Self-concern, of course, is not exclusively a Philippian problem. It is a human problem. So many demands are made on our time that it is difficult to be sensitive to the needs of those around us. With all the commotion about us, it is difficult to hear the quiet inward sobbing of those who need our care. And sometimes it seems that we need to focus all of our energies on our own concerns just to make it through the day.

So Paul reminds us of what we have, and he encourages us to use it. We have the “mind of Christ,” Christ’s attitude toward life and toward other people. For although Jesus had always been God by nature, He did not cling to the glory and honor that He had by right. Rather, He emptied Himself of all privileges and chose to be born a man. As a man, He walked the way of the cross all the way to His death for us all.

As a result, “God has highly exalted him and bestowed on him the name which is above every name, that at the name of Jesus every knee should bow, in heaven and on earth and under the earth, and every tongue confess that Jesus Christ is Lord, to the glory of God the Father.”

I can’t crawl into the mind of our Lord, but I can’t imagine that when every knee bows to Him, He is thinking, “Finally I get my due! It was tough dragging that cross to Golgotha, but it was worth it! Just listen to those cheers!”

I rather believe He’s thinking, “It was all worth it! Those knees bowed to me are bowed in acts of service to others, and those women, children and men are living life as I originally intended and are finding true joy in the process!”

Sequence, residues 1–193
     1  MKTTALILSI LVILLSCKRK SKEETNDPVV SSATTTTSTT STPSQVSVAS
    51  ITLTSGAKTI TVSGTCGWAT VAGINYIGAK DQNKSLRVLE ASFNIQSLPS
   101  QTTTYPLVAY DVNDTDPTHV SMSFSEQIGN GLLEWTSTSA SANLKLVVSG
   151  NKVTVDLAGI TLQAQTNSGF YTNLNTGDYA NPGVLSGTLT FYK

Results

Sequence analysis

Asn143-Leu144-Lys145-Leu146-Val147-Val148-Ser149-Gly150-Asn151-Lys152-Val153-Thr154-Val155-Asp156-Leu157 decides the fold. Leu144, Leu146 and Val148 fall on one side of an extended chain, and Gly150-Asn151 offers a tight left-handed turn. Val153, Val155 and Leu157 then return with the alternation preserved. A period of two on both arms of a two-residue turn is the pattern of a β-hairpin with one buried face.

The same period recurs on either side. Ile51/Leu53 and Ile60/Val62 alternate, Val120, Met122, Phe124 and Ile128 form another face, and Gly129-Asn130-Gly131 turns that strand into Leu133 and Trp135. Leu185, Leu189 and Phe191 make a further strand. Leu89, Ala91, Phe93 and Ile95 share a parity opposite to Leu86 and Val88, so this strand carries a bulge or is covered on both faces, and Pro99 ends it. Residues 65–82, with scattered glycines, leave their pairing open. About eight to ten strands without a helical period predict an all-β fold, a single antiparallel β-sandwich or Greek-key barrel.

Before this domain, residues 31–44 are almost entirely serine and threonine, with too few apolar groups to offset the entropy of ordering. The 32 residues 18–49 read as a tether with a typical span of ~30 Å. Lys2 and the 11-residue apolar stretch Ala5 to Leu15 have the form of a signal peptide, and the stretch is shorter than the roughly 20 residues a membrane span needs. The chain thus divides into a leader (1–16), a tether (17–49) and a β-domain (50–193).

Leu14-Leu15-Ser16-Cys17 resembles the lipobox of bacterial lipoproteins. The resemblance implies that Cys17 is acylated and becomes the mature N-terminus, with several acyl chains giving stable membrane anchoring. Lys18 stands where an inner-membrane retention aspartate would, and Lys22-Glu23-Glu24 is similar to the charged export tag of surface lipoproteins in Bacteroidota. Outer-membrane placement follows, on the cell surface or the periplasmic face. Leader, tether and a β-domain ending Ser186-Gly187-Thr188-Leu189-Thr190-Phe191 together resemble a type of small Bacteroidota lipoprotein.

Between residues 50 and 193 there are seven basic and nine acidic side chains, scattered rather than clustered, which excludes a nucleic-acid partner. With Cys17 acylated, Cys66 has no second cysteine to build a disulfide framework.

That’s what makes a life a servant life. We do for others so that they, in turn, find their joy in doing for others, and on and on. In God’s perfect plan, I would not need to worry about myself. God would have me busy serving others. Others would serve me and others as well with the love and provision that God has shown each of us. So the servant mind thinks of ministry as an opportunity, not an obligation. Spend some time reading the first 10 verses of Ephesians and the 2nd chapter of Philippians this week. Picture the mind of Christ and what that means about your mind, or thinking. Choose a place and a time to share Jesus’ love with others.

In his book, The Edge of Adventure, Keith Miller writes of a business executive in an Eastern city who was struggling to have the mind of Christ in his daily life. This particular morning he ran into Grand Central Station, and stood in line for his ticket while watching the train’s departure time loom closer and closer. Finally, as he charged across the lobby and down the platform with his bags, he heard the last “All aboard.” He was about to board when he brushed a small child with this suitcase. The little boy had been carrying a new jigsaw puzzle, which was now scattered all over the platform. The executive paused, saw the child in tears, and with an inward sigh stopped, smiled, and helped the boy pick up his puzzle as the train pulled out. The child watched him intently. When they had finished picking up all the pieces, the little boy looked at the man with a kind of awe. “Mr.,” he said hesitantly,” are you Jesus?”

Yes, in that moment he had been Jesus, or the servant, to that little boy. So can you to your friend, or even to the person whose words rub you the wrong way each day. Remember that God’s grace shapes you into His servant form. So we are freed to serve! Next week we’ll understand how God’s grace frees us to give. Amen.


1 5:50 p.m. on October 5, 2016


2 1:57 p.m. on March 30, 2017


3 3:58 p.m. on April 19, 2017


4 9:36 p.m. on May 24, 2017


5 5:53 p.m. on September 4, 2017